The former USS Argonaut, a Tench-class submarine, was purchased by Canada outright for a cost of $153,000 and refit at an additional cost of $2.5 million. Argonaut had received the Fleet Snorkel upgrades which included a snorkel system, streamlined sail, as well as a chin-mounted sonar. She was commissioned on 2 December 1968 as HMCS Rainbow (SS-75). The modernization took eight months to complete and following its completion, Rainbow took up the duties of the out-of-service Grilse of performing anti-submarine warfare training on the West Coast.

With the arrival of the new HMCS Rainbow, Grilse never sailed again. Some of Grilse's more modern gear was taken out and transferred to Rainbow, however Grilse had to remain operationally capable in accordance with the lease agreement and the transfer was limited. The sub returned to the US in September 1969.

HMCS Grilse was struck from the Naval Register on 19 July 1969. Grilse was officially paid off from Maritime Command on 2 October 1969 and returned to the US Navy the same day. She was sunk as a target off San Clemente Island, California, on 19 November 1969.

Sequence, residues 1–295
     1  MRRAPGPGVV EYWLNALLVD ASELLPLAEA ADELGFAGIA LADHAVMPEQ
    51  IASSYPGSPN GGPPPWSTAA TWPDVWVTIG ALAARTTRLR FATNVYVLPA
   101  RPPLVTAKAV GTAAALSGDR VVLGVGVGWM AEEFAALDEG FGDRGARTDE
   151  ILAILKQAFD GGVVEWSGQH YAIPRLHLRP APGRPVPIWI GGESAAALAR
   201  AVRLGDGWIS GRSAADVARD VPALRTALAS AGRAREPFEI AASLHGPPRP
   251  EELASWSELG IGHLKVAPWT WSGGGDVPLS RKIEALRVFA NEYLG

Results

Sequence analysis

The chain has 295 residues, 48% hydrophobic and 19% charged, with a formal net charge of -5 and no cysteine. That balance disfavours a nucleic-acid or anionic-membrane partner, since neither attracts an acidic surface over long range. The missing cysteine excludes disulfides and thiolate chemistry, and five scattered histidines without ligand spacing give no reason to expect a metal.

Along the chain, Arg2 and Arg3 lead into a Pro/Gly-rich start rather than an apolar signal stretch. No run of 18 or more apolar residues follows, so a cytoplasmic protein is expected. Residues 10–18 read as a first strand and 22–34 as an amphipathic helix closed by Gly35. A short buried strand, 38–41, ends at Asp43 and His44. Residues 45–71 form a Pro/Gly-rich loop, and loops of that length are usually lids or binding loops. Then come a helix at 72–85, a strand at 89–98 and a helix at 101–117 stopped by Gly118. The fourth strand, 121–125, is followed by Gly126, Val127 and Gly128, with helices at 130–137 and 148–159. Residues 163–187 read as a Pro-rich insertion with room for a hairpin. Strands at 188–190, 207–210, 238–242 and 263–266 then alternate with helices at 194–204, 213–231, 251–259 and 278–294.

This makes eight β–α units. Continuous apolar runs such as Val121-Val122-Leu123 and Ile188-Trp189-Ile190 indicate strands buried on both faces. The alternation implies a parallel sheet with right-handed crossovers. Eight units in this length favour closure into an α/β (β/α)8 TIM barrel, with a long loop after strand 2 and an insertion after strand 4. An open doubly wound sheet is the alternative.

HMCS Rainbow was decommissioned on 31 December 1974, after only six years, due to budget cuts and her need for a refit. Maritime Command kept the submarine in reserve, laid up until 1976, hoping to return her to service. However, in 1976, the boat was returned to the United States and scrapped at Portland, Oregon in 1977. After this, the story of Canadian submarines on the West Coast would come to a close for more than 30 years, until HMCS Corner Brook, the first of two Victoria - class submarines to be assigned to Maritime Forces Pacific (MARPAC), would be transferred to Esquimalt, BC in May 2011.

[ img ]

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As always, comments and critique are much appreciated! Many thanks and much respect to Colosseum - 99% of the work is his, this is more or less a simple repaint and small modification on my part. Hopefully it's acceptable to post this here instead of creating a new thread.


Last edited by Rainmaker on November 1st, 2020, 4:38 pm, edited 1 time in total.

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Colosseum
Post subject: Re: Gato/Balao/Tench class submarinesPosted: October 31st, 2020, 1:47 am
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Nice work! Great to see others making derivatives of my work.

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eswube
Post subject: Re: Gato/Balao/Tench class submarinesPosted: October 31st, 2020, 9:25 am
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Well done! :)


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Hood